Supported by increasing tourist arrivals and the opening of several branded hotel chains, Dubai’s serviced apartment segment is poised for solid growth. The depth of demand for serviced apartments – so-called because a hotel operator provides services such as house cleaning, bed-making and Wi-Fi internet access – is closely connected to the overall fortunes of the emirate’s resurgent hospitality segment.
For individual investors, serviced apartments provide a unique opportunity to enter Dubai’s hospitality market at the recovery stage of what may be an unprecedented growth cycle. Investment size could be as low as $250,000-500,000 for a hotel-room unit purchase, with services already deducted as hotel operator expenses. Prices for the 444 serviced apartments for sale by Meydan in the Entisar Tower range from Dh26,910 ($7325) to Dh37,674 ($10,255) per sq metre for units facing the sea.
“Selling individual units in a hotel is a way of offering a smaller investor the opportunity to take part in Dubai's hospitality and tourism growth, but at a more achievable scale, with the added benefit of a contracted hotel operator that has a shared interest in the upkeep of the property,” said Mark Tolner, the chief financial officer of The First Group, a property developer based in Dubai.
Whereas private apartments typically generate rental yields of between 6% and 9%, luxury serviced apartments can produce significantly higher rental yields of as much of 20%, though only at the best-run hotels with large networks and strong brands. “Rents can reach double what you’ll normally get on a long-term lease,” said Ronald Hinchey, UAE director at Cluttons, a property management and consulting company. “It’s a very good investment, simply because hotel occupancy and rates are very high at the moment.”
Revenue in the segment increased 21% to Dh2.8bn ($762.2m) in 2012 over the previous year, and supply grew by 9.8% to 23,069 rooms, according to Dubai Department of Tourism and Commerce Marketing. Traditional hotel rooms, by comparison, saw a 17% revenue gain and a rise in supply of 6.5% to 57,345 rooms.
Certain blocks of serviced apartments have also been made available on terms that offer considerable protection from a market shock or contraction. Emaar, which has sold serviced apartments in hotels around the Burj Khalifa – the tallest building in the world – offers investors the opportunity to pool their rental earnings such that even unoccupied apartments are generating revenue for their owners.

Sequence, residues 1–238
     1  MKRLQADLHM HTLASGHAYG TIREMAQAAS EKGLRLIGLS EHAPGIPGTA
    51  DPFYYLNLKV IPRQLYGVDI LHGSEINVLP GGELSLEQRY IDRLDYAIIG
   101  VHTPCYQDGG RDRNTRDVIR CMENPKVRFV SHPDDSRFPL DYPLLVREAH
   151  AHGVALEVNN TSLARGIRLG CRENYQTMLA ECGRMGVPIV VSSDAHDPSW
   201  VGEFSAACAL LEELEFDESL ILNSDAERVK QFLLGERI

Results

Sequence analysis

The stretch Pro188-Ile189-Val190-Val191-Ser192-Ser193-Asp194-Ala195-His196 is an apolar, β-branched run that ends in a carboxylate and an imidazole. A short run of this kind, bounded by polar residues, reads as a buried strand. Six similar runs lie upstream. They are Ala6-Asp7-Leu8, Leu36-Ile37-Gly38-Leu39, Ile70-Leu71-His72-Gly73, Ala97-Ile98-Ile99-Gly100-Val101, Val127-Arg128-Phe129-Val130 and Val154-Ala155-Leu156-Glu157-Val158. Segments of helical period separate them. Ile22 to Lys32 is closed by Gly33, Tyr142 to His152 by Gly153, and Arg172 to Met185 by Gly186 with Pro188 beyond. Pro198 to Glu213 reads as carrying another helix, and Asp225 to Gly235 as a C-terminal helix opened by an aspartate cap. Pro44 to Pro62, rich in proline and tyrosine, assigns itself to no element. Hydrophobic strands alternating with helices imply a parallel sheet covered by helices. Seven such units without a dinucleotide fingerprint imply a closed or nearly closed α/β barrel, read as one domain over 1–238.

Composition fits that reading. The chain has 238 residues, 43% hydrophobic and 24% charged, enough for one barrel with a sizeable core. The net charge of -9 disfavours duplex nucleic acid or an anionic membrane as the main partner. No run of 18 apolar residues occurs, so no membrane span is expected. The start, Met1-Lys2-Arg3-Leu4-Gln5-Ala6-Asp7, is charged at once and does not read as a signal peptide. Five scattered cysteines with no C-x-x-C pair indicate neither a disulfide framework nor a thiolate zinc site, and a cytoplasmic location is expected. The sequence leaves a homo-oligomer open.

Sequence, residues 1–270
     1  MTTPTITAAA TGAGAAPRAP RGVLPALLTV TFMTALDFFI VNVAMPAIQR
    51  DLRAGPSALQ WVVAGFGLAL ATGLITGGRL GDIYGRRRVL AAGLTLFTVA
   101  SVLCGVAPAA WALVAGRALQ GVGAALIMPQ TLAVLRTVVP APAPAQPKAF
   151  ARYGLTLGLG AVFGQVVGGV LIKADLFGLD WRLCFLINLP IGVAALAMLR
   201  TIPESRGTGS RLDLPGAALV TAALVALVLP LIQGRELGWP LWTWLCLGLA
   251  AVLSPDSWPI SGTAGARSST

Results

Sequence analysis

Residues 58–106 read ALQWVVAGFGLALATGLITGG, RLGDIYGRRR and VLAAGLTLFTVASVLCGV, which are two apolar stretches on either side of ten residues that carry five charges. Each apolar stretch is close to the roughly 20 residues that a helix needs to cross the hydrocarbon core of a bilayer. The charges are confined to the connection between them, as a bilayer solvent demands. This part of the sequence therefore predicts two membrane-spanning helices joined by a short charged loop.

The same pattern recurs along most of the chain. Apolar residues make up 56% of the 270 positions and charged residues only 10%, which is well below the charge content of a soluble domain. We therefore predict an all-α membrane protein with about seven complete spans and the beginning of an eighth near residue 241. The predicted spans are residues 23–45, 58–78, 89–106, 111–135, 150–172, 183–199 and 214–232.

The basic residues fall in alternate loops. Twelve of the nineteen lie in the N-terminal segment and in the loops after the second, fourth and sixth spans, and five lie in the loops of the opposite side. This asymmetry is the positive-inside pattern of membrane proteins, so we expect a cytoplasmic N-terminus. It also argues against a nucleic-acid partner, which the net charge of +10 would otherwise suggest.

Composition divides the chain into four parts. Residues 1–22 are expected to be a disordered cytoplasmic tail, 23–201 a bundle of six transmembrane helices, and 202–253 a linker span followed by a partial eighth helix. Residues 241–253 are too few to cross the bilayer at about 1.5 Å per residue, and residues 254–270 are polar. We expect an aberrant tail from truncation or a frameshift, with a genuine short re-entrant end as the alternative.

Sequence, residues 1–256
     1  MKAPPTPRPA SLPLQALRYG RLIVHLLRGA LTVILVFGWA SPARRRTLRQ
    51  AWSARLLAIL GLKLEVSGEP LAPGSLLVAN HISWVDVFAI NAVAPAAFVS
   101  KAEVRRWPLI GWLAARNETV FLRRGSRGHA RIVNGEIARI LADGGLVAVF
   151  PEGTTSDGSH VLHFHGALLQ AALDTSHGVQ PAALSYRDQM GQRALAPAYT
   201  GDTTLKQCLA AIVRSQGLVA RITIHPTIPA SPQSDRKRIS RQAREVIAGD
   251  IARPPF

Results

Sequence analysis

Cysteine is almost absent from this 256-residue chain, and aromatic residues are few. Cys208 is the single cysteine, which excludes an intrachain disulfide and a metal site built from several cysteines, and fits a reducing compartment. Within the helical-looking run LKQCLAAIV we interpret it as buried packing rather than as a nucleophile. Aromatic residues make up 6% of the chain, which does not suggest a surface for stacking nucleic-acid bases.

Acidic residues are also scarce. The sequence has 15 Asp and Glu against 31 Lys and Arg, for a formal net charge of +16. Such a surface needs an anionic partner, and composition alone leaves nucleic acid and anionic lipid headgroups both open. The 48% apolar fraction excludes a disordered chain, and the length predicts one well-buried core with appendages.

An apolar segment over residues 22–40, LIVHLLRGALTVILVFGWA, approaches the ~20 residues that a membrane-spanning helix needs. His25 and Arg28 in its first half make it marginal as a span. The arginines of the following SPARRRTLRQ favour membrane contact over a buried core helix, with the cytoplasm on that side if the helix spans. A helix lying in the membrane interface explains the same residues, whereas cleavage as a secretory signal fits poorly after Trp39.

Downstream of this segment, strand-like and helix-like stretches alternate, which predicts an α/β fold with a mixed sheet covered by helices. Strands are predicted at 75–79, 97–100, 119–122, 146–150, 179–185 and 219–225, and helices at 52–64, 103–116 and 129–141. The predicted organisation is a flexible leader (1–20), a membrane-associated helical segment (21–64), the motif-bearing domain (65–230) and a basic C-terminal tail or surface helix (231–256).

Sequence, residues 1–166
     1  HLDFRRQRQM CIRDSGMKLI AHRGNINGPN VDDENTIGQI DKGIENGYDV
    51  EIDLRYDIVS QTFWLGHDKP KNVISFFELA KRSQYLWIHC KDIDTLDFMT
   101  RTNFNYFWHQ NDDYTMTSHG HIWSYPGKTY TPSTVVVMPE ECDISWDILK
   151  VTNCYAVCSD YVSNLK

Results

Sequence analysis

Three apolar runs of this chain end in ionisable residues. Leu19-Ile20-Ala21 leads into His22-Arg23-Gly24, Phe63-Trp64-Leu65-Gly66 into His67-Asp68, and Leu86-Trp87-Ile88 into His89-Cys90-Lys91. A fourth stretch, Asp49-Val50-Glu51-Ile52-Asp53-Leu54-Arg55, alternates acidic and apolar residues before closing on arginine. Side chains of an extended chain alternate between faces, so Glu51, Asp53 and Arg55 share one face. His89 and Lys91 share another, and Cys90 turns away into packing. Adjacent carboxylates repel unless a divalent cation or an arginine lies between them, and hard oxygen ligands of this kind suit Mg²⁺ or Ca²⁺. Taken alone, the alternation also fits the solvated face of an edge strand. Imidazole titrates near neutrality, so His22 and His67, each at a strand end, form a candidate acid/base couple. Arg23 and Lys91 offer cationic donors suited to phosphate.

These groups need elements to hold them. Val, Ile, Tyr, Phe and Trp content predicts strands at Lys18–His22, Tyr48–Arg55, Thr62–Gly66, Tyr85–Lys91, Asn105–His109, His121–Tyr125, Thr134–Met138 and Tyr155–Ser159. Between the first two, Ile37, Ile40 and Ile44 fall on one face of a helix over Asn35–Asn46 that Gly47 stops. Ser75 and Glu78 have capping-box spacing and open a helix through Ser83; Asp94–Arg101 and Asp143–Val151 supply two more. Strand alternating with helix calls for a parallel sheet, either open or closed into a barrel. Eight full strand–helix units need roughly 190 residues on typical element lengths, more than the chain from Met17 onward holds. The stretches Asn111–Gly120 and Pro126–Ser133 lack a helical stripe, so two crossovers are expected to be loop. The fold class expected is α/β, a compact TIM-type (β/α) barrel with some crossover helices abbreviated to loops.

A Source of Funds
From a developer’s perspective, the sale of serviced apartments to individual buyers provides an alternative means of funding during a period of constrained bank lending. A number of the luxury project launches announced in 2013 employ this model and rely on the sale of serviced apartments as a secondary financing source for construction.
Damac Properties, in collaboration with Viacom’s Paramount Pictures, plans to finance the $1bn, four-tower Damac Towers by Paramount project in part with proceeds from advance sales of 1000 serviced apartments. The first 200 of these units sold within 24 hours of coming to market. The company expects rental yields to be around 50% higher than for conventional apartments. Buyers are required to pay maintenance fees and provide the hotel operator with a share of any profit they make from renting the apartment.
Another slate of serviced apartments was taken to market by Emaar Properties in September 2012. The 542 units available at The Address The BLVD, along with another 900 apartments in a twin-tower development, will add about 1400 serviced apartments to the 1700 already built by Emaar.
The success of recent projects launched by Damac and Emaar underscores the viability of the serviced apartment model as an alternative means of securing financing for developers at a time when construction loans are hard to come by. For as long as the emirate’s hospitality segment continues to expand, the market for serviced apartments is likely to grow along with it.
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